The brightest students are missing out on offers from universities compared to their lower scoring peers, figures from university admissions body UCAS have revealed.
The latest End of Cycle report from UCAS shows students who applied to start university in September last year with at least one predicted A* grade were accepted at less than 75 per cent of their choices, while those predicted AAB received offers 87.4 per cent of the time.
The reason given for this discrepancy by UCAS in its 139-page report is that courses entered by those with high grades are “competitive”. But when asked to explain the reasons further, the service was unable to do so.
Only 8.2 per cent of A-level exam entries reap an A* grade, whereas 52 per cent of exam entries return a grade of B or above, suggesting there are many more students in receipt of AAB grades than three A*s.
Several universities and Universities UK were unable to comment further on the finding. However, head of admissions at Southampton University, Nick Hull, said the finding was due to more higher-grade students wanting to study subjects that needed high grades, such as medicine, than there were places available.
Mr Hull said: “While at a first glance it would seem perverse that applicants predicted the highest grades will be made fewer offers than those predicted a grade or two lower, one also has to take into account the range of institutions those applicants have applied to and the subjects they have applied to study.”
He said guidance from schools and colleges enabled pupils to understand the different entry requirements and to have realistic expectations, and in subjects like dentistry and medicine there were extra means to select between candidates, such as the UKCAT test.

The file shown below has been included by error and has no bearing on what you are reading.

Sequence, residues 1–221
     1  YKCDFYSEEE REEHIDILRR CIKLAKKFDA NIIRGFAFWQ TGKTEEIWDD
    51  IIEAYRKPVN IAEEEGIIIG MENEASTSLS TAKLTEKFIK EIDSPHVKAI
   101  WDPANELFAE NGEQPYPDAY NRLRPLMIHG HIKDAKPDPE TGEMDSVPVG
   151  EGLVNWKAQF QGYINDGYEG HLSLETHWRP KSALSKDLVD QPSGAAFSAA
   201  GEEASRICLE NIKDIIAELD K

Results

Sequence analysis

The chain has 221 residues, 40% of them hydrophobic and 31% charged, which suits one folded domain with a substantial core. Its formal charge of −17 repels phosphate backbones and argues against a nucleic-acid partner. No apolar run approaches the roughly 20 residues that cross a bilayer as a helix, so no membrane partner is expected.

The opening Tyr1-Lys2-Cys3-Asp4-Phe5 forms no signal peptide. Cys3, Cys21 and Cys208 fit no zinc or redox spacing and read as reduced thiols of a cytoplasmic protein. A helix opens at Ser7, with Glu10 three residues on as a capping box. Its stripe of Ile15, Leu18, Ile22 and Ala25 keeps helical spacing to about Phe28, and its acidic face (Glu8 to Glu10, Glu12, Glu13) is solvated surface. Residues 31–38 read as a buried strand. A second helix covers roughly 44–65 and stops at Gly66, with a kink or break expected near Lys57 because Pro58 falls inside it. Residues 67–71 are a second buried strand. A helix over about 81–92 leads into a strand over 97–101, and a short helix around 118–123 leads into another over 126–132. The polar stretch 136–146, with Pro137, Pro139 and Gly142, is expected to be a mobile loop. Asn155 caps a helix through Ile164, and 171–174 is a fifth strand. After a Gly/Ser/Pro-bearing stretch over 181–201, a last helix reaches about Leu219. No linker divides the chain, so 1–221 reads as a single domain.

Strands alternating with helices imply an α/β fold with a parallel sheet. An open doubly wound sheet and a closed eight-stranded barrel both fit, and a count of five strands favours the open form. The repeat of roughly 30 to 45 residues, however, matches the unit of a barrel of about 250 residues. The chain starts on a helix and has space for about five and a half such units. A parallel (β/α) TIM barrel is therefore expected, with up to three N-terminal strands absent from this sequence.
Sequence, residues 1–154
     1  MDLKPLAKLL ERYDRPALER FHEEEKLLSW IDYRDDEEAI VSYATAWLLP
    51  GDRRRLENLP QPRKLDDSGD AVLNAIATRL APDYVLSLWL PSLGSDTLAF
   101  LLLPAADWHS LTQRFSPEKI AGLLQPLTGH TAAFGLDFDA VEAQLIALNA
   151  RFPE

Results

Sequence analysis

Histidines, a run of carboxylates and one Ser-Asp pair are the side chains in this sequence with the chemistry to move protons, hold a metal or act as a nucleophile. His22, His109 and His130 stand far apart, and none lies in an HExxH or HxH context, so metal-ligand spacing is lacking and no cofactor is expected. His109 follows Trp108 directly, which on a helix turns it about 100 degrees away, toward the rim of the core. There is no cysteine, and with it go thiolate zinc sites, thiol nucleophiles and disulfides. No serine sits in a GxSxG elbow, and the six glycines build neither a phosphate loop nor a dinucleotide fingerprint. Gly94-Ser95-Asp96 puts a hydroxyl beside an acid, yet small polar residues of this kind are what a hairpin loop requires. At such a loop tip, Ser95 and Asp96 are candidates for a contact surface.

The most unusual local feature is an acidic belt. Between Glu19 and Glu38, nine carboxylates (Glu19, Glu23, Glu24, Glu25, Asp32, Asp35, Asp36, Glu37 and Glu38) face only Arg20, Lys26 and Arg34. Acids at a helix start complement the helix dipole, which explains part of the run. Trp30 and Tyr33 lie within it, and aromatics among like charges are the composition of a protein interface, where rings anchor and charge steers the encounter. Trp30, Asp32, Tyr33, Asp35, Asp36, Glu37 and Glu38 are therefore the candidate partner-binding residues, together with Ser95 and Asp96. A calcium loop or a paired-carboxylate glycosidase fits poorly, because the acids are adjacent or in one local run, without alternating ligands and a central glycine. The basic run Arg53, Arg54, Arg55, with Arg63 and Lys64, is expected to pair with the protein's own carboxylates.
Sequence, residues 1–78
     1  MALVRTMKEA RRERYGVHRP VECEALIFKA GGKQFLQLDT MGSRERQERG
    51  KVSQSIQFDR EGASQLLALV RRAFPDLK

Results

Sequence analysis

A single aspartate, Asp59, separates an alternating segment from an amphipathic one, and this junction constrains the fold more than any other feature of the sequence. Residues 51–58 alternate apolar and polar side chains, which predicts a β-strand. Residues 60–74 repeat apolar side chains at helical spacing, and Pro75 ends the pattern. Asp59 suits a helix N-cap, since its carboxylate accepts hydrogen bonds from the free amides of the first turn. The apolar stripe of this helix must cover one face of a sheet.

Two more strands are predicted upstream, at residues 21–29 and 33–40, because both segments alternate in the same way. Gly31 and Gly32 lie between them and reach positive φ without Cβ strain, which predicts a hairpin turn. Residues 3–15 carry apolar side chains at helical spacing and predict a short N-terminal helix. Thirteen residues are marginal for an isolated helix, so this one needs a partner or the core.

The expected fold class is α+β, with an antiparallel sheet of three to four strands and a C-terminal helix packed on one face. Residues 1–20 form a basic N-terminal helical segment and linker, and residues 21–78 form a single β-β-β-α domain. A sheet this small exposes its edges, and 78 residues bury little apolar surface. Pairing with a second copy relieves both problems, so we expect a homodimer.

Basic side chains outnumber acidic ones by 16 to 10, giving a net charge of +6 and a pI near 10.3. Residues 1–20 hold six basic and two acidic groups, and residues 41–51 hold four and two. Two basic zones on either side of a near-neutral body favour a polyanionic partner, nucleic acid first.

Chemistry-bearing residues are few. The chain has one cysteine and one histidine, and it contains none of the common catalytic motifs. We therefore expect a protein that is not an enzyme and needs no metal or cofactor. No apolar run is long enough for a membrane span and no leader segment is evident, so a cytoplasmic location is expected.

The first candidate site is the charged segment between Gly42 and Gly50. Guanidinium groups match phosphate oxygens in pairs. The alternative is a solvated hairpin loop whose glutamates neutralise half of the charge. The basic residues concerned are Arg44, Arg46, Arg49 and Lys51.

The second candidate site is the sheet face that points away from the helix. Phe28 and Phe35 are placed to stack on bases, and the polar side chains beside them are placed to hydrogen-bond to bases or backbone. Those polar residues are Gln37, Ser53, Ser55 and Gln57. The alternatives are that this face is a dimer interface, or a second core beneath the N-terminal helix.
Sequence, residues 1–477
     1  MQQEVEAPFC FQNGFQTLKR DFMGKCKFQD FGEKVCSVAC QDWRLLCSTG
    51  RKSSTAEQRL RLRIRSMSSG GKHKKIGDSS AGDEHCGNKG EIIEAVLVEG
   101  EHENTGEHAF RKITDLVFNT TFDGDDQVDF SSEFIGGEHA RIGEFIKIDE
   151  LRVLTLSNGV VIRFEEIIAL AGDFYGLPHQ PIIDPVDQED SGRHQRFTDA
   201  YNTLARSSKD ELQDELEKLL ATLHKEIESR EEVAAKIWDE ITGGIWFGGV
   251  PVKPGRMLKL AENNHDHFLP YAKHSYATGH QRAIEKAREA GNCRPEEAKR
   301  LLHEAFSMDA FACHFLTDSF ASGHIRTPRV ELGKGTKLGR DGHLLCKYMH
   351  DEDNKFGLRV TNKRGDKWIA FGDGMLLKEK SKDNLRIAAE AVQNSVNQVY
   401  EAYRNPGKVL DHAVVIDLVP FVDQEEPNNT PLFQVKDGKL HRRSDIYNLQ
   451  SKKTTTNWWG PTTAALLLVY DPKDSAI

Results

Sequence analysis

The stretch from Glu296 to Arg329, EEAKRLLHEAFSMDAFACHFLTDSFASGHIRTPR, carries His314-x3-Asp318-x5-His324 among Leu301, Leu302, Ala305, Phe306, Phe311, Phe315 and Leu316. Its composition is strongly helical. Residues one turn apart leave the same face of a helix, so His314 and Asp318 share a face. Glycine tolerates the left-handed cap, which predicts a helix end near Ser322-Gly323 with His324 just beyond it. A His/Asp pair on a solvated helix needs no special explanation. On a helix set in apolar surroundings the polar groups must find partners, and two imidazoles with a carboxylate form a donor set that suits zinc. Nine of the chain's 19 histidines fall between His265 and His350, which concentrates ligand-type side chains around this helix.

Mr Hull added: “It is unlikely that large numbers of applicants not predicted the highest grades will apply to study these subjects, while at the same time there are far more high quality applicants wanting to study these subjects than there are places.”
Jude Heaton, head of higher education access and employability at TeachFirst, which runs the Futures programme aimed at helping pupils from low-income families into top universities, agreed with Mr Hull’s assessment.
He said students were often pushed into doing oversubscribed “career” degrees rather than applying for broad subjects where they had more chance of getting a place.
Mr Heaton said: “Pupils aren’t getting places which match their ability and aspirations. They need support from the wider world to get them there.
“There needs to be an awareness of the outcomes of doing certain courses. Many students apply to do medicine, or law, or business, because it has a clear career, whereas it can be better to apply for something like classics at Oxford and you are still going to get a good job.”
The UCAS report said: “The rank order of the level of offer-making to applicants holding each of these profiles is complex, reflecting both provider decisions and the applicant choice of course.
“For example, the offer rate to applications from applicants predicted AAB is higher than for those predicted BBB. But when applicants are predicted one or more A* grades, the offer rate goes down again, reflecting the competiveness of the most selective courses.”